AT&T agrees to buy BellSouth for $67 billion
AT&T Inc. said on Sunday it would buy BellSouth Corp. for $67 billion to acquire the rest of Cingular Wireless it does not already own, and expand into the southeastern United States to gain heft to battle growing competition from cable television and Internet companies.
Together, AT&T and BellSouth would have a coast-to-coast long-distance telephone and data network, residential customers in 22 states and business customers comprising more than half of the Fortune 1000, analysts said.
BellSouth shareholders will receive 1.325 shares of AT&T common stock for each common share of BellSouth. Based on AT&T's closing stock price on March 3, that equals $37.09 per BellSouth common share, a 17.9-percent premium.
The new AT&T, which was formed in November when SBC Communications Inc. completed its acquisition of AT&T Corp., also said it would repurchase at least $10 billion of its common shares over the next 22 months.
The deal's price tag, which values BellSouth at about 6.9-times Wall Street's 2006 cash-flow forecasts, will likely weigh on AT&T's stock price, said Stifel Nicolaus analyst Chris King.
"We believe this premium valuation ... is difficult to justify," King said. AT&T trades at about 6.0-times cash flow, while Verizon trades at about 5.1-times cash flow.
The companies have a combined market capitalization of $165 billion, based on Friday's closing stock prices.
The next largest telephone company, Verizon Communications which bought MCI Inc. last year, has a market capitalization of $99 billion.
The deal would bring ownership of Cingular Wireless, the No. 1 U.S. wireless telephone company, under one roof, which Wall Street analysts have said would streamline management and allow one parent company to enjoy all of the financial benefits.
AT&T currently owns 60 percent of Cingular, while BellSouth owns the remaining 40 percent. Despite its heft, Cingular has been losing market share of the most lucrative, customers to its main rival, Verizon Wireless.
At the completion of the deal, which is expected to close within a year, all the landline and wireless businesses will exist under the sole brand name of AT&T, the companies said.
A purchase of BellSouth would recombine the former "Ma Bell" with four of the seven original Baby Bells regional telephone companies.
Two top consumer groups asked the government to block the deal, saying it could lead to higher prices. AT&T said the deal would result in a "very competitive company," especially in wireless and video services.
AT&T, whose history dates back more than 125 years to the invention of the telephone, was broken up in 1984, with the parent controlling the long-distance assets and its seven offspring controlling regional local telephone services.
"This is essentially re-creating the old AT&T. But in this environment, the industry has been so weakened, with so many competing technologies, it's a very, very different world now," said Tim Ghriskey, chief investment officer of Solaris Asset Management in Bedford Hills, New York.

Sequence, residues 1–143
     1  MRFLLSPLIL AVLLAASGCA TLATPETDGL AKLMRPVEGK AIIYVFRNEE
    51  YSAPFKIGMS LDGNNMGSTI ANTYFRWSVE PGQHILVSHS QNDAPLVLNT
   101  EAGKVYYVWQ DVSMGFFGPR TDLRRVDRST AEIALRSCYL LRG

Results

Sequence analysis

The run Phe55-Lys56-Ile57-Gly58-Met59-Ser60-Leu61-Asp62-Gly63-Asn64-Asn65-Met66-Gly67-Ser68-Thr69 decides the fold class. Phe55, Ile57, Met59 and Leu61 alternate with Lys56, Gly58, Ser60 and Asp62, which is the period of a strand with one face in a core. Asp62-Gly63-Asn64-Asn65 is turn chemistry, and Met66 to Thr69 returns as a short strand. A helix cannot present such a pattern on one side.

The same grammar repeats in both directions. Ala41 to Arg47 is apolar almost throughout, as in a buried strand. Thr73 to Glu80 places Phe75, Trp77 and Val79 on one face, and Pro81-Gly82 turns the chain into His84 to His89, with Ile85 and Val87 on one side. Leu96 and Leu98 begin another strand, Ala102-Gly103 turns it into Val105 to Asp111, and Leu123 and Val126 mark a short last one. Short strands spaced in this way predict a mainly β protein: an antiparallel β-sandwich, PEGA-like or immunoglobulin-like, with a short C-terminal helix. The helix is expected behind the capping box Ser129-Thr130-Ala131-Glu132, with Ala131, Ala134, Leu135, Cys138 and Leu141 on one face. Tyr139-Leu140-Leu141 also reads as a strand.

"It will strengthen two companies that aren't particularly strong. The industry needs that consolidation to make them stronger against competing technologies," Ghriskey said.
As traditional landline phone businesses have been hurt by a shift to e-mail and wireless phones, telephone carriers have shifted their focus to faster growing businesses such as wireless and data services.
AT&T and other major telephone companies also have been upgrading their networks to offer subscription-television services to thwart competition from cable TV operators, which are offering phone services. AT&T in January began offering video in Texas and plans to expand service to 21 cities in its home territory this year.
A merged AT&T-BellSouth would be trailed by Verizon Communications, which last year bought MCI Inc. Qwest Communications International Inc., the final remaining Baby Bell, covers Minnesota to Washington state.
Any deal would require approval from antitrust authorities as well as the Federal Communications Commission, but analysts said they doubted there would be significant opposition.
"The deal is likely to be approved," said Blair Levin, an analyst at Stifel Nicolaus and a former Federal Communications Commission chief of staff. "The government has already given us a road map and it had very few speed bumps and much less brick walls for this kind of transaction."
He said the government would likely seek similar conditions on this transaction that were placed on the AT&T-SBC deal, which included some price controls, as well as providing competitors access to some buildings and ensuring customers have unfettered access to the Internet.
AT&T expects the deal to be neutral to earnings per share in 2007, and boost earnings per share, excluding merger costs and other items, thereafter.
Cost-savings are expected to top $2 billion in the second year after closing the deal, and total nearly $18 billion, AT&T said. The savings will come from an undisclosed amount of work force cuts, lower advertising expenses and cheaper operating costs as the companies merge operations to one network.
For Edward Whitacre, chairman and chief executive of the new AT&T, a deal would be the latest of a long line of bold acquisitions. A purchase of BellSouth by the new AT&T had been long-expected by Wall Street, but the announcement came sooner than some analysts predicted -- just three months after SBC completed the purchase of AT&T.
Whitacre, who was expected to retire around the end of this year, was asked to stay until March 2008, AT&T said. He will serve as chairman of the combined companies, while BellSouth Chairman Duane Ackerman will head BellSouth operations for a transition period following the merger, the companies said.
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